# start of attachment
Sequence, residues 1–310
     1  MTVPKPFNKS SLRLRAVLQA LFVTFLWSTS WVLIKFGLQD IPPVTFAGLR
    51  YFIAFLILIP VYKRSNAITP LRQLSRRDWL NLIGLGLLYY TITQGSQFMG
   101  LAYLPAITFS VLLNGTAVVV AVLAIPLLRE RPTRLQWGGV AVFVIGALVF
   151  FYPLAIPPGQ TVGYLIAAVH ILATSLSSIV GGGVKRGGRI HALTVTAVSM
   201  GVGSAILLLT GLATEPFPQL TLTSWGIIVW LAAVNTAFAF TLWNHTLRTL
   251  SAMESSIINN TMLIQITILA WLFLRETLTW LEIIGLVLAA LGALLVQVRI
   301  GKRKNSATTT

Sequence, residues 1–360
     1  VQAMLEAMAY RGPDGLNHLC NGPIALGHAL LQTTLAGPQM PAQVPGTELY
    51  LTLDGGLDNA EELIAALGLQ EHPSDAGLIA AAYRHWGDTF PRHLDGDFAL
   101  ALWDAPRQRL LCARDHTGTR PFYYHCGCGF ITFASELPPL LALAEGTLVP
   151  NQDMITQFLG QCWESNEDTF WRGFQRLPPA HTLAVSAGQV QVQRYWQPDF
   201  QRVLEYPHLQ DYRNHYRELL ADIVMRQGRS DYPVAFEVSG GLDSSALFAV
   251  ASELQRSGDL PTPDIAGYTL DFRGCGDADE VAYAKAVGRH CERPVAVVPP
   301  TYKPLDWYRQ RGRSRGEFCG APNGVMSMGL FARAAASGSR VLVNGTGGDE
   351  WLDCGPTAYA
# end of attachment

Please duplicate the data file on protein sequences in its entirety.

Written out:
Sequence, residues 1–310
     1  MTVPKPFNKS SLRLRAVLQA LFVTFLWSTS WVLIKFGLQD IPPVTFAGLR
    51  YFIAFLILIP VYKRSNAITP LRQLSRRDWL NLIGLGLLYY TITQGSQFMG
   101  LAYLPAITFS VLLNGTAVVV AVLAIPLLRE RPTRLQWGGV AVFVIGALVF
   151  FYPLAIPPGQ TVGYLIAAVH ILATSLSSIV GGGVKRGGRI HALTVTAVSM
   201  GVGSAILLLT GLATEPFPQL TLTSWGIIVW LAAVNTAFAF TLWNHTLRTL
   251  SAMESSIINN TMLIQITILA WLFLRETLTW LEIIGLVLAA LGALLVQVRI
   301  GKRKNSATTT

Sequence, residues 1–360
     1  VQAMLEAMAY RGPDGLNHLC NGPIALGHAL LQTTLAGPQM PAQVPGTELY
    51  LTLDGGLDNA EELIAALGLQ EHPSDAGLIA AAYRHWGDTF PRHLDGDFAL
   101  ALWDAPRQRL LCARDHTGTR PFYYHCGCGF ITFASELPPL LALAEGTLVP
   151  NQDMITQFLG QCWESNEDTF WRGFQRLPPA HTLAVSAGQV QVQRYWQPDF
   201  QRVLEYPHLQ DYRNHYRELL ADIVMRQGRS DYPVAFEVSG GLDSSALFAV
   251  ASELQRSGDL PTPDIAGYTL DFRGCGDADE VAYAKAVGRH CERPVAVVPP
   301  TYKPLDWYRQ RGRSRGEFCG APNGVMSMGL FARAAASGSR VLVNGTGGDE
   351  WLDCGPTAYA